One high-tech manufacturer's quest to deliver near-perfect fill rates across its global service organization
Writer Tom Friedman has asserted that the world is flat, but for companies operating globally and facing unique challenges in each of the markets where they have suppliers or customers, the world is as round as ever. But rather than viewing regional differences as an obstacle to an effective supply chain, innovative companies are embracing the idea of centrally managing disparately structured operations that have been localized to take account of the particular environment in a given geography.
Case in point: Network Appliance (NetApp), the Sunnyvale, Calif.-based manufacturer of data storage solutions for large data centers. The 14-year-old company has more than 5,000 employees in 110 offices worldwide, and it generates about $2 billion in annual revenues.
Earlier this year, Bruce Shadmehri, director of global field operations for NetApp, spoke at the Interlog conference regarding his company's six-year-old field service initiative, which has helped NetApp deliver consistent 99.5 percent global fill rates across its service organization. One component of this initiative has involved establishing regionally specific infrastructures to support customers in different geographies, but running the operation with the help of a single planning system.
Due to the vital nature of its customers' data centers, NetApp offers two- and four-hour and next-business day delivery commitments on more than 1,500 parts to keep those centers up and running. Our products are used in mission-critical applications, and customers stand to lose hundreds of thousands of dollars if there is ever downtime, Shadmehri noted in his presentation. NetApp's field service operation includes one global distribution center serving five regions worldwide through four regional hubs (in Louisville, Ky., Miami, Amsterdam and Singapore) and 200 forward stocking locations (FSLs).
Naturally, beyond meeting its customer commitments, NetApp also has an interest in minimizing the inventory that it needs to hold in those stocking locations, and accomplishing this requires a tight linkage between the stocking model and customer entitlements, according to Shadmehri. That, in turn, requires detailed mapping of the company's installed based to its FSL; the ability to manage criticality and ranking settings by customer, part, product and location; accurate parts usage data; and, in Shadmehri's words, a robust spares planning system.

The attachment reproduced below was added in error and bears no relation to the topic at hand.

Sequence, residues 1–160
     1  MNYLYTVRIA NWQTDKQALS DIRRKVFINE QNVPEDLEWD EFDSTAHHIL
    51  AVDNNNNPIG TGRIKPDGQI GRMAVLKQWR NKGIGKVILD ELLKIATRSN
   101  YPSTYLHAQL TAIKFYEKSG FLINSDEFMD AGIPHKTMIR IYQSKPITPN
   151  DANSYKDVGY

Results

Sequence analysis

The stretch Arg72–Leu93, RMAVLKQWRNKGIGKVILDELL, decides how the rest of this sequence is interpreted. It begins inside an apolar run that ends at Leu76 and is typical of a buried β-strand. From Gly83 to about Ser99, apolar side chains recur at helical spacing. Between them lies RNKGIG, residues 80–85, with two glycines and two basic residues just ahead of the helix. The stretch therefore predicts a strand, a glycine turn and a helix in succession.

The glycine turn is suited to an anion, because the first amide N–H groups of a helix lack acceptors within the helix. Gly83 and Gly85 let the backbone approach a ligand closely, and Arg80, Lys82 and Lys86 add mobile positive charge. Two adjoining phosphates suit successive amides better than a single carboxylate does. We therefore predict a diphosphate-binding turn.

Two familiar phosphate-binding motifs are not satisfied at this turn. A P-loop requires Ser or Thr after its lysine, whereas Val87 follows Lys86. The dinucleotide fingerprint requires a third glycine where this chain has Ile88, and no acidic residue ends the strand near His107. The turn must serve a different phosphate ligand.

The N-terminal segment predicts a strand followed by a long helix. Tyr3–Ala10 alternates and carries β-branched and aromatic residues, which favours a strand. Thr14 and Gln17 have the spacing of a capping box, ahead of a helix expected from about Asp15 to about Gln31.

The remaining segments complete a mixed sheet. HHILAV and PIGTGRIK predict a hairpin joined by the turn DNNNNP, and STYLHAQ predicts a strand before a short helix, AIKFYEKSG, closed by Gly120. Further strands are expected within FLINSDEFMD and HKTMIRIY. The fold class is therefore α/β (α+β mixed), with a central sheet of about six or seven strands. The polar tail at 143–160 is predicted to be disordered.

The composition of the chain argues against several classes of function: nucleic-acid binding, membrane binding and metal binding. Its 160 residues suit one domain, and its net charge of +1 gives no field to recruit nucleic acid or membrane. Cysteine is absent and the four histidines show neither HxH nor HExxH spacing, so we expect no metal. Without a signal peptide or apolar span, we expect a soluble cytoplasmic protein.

The Tools to Deliver
The planning solution that NetApp uses, from Baxter Planning Systems of Austin, Texas, can automatically map different response codes to different stocking locations, so the company can ensure that a replacement part comes from the most appropriate location — a nearby forward stocking location in the case of a four-hour response commitment, for example, or a country hub location in the case of a next business day commitment.
Importantly, the planning system is flexible enough that it allows NetApp to apply different fulfillment strategies appropriate for different regions. For instance, in Europe, with its unified market, NetApp is able to map demand across country borders, while in Asia, the system respects international borders and maps to in-country stocking locations within a given nation.
The flexibility of the system also has allowed NetApp to think strategically in terms of how it builds regional networks to support its field service operation. The company has adapted its multi-echelon network model — with the distribution center supporting regional hubs that support country hubs that support smaller country depots — to the specifics of different markets.
For China, for instance, it was cost-effective to position inventory in the Singapore regional hub, have Singapore feed Beijing, and then have Beijing take care of the country depots. But through modeling in the planning system, NetApp established that for Japan it made more sense to have inventory go directly from the company's global distribution center straight to the country hub, with no need to go through a regional hub.